"Let me feel something, let me feel something, let me feel something."
I was on my knees. Surrounded by boxes of Hawaiian themed VBS decorations. A couple of foam Roman pillars and piles of costumes from past church plays.
I could hear the sounds of everyone else, all somewhere else. Laughter echoed through the gym. But I couldn’t join them. I had an obligation.
"Let me feel something, let me feel something, please, let me feel something.”
I was out of time. Youth Group was starting. I brought my guitar up to the stage. I set it in the stand. That’s inaccurate. I set it on the ground. I was shaking.
This ritual happened every week. We probably played some form of game. Or maybe we didn’t. It depended on the night. Every night, though, the band was on stage too early. When I wasn’t ready.
"Let me feel something, let me feel something, please, let me feel something, God.”
I sang. Nothing. I screamed. I made my voice break. Nothing. Damn it! (No, I wouldn’t have said that.) Darn it! Nothing.
I was fifteen. Sixteen. Seventeen, too, I think. I can’t remember all the reasons why, but somehow I was in charge of the worship for Youth Group every Wednesday. Standing before my peers in total fear. Desperate to not be faking some connection with the divine on stage. Desperately faking a connection with the divine on stage.
God wasn’t answering me. Just everyone else in front of me with their hands raised. What was I missing? What was I missing? The guilt of leading without spirit is crushing. I fold like a soda can. What was wrong with me? I couldn’t tell anyone I was lying, that I couldn’t feel. I’ve let my friends and family down, I am so evil. I can’t feel anything.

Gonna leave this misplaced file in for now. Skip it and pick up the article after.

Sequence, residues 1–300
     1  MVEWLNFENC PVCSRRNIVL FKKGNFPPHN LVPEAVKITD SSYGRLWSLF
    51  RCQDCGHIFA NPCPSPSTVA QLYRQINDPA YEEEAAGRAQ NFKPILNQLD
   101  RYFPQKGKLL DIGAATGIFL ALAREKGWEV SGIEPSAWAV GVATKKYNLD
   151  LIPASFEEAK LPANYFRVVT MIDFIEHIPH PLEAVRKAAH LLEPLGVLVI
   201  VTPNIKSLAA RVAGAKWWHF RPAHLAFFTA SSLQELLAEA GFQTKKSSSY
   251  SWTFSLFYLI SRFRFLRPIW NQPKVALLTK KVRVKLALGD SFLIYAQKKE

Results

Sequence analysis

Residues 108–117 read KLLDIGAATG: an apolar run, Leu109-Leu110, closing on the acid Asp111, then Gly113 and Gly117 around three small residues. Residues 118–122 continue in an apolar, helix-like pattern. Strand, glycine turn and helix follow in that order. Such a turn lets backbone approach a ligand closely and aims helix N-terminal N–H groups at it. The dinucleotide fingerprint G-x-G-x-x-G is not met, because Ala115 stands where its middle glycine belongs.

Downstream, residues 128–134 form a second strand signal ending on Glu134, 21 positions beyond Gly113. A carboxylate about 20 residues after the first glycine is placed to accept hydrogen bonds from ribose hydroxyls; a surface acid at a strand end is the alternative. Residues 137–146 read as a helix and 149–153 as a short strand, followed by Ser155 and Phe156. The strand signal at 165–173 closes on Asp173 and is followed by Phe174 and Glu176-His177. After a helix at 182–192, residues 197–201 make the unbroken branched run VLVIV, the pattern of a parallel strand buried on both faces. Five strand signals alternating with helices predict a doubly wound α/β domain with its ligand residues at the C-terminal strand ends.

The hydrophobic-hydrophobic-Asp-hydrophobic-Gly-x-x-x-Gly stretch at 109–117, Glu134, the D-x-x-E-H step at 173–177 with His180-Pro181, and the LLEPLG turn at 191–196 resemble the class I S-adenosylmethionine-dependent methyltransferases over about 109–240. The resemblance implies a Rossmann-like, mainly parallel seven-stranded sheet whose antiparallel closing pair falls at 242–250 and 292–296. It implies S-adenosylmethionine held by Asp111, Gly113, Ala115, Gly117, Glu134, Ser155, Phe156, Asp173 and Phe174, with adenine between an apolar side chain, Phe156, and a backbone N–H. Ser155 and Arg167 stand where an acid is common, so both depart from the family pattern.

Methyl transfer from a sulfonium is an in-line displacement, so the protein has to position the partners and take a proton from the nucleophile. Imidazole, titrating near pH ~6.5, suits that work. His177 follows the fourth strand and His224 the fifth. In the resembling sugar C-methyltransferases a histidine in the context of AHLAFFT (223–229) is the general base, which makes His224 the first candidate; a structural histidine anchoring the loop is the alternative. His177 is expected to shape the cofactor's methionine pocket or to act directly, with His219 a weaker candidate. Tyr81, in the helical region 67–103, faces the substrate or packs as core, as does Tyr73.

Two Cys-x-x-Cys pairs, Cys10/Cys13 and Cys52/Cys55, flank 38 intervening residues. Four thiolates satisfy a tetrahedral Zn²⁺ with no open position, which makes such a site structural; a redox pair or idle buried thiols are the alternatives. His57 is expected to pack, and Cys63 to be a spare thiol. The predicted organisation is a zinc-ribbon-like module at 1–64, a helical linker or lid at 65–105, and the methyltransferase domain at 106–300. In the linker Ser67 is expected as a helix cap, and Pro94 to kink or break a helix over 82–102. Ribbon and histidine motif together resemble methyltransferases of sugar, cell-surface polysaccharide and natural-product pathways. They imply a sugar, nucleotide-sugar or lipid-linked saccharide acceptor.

It went on. A couple years.
And then I moved away and tried not to remember.
Now that I’ve spent time attempting to reconcile with those feelings and those memories, I’ve discovered a little more divinity in music. I’ve seen the indescribable connection between people. The energy, the focus, the invisible senses.
I’m still not sure what it means to feel something. If I was in the same position now, ten years later, what would I do? I’d probably still be on some concrete floor begging to experience the emotions others seem capable of. The untethered devotion. The impact from compelling them to dance and sway.
Music is the closest thing to true church I know. The way I reach out and experience something supernatural. The only way i know how to transcend. Music doesn’t discriminate, or judge our reactions to it. It just is. You can dance or not. But just be there, with music. That’s all music wants. For you to be there and listen.